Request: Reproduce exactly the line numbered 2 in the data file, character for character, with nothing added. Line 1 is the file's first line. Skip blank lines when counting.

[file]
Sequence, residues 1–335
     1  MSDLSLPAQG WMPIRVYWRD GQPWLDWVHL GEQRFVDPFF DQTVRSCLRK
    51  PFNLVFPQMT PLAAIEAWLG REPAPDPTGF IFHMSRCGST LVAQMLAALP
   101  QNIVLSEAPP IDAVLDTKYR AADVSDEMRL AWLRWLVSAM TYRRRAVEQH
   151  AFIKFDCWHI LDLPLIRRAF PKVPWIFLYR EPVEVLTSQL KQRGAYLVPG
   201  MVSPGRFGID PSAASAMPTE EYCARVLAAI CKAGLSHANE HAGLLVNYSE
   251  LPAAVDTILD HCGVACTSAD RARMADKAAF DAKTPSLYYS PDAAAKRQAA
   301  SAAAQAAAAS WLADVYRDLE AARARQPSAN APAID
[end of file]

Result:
     1  MSDLSLPAQG WMPIRVYWRD GQPWLDWVHL GEQRFVDPFF DQTVRSCLRK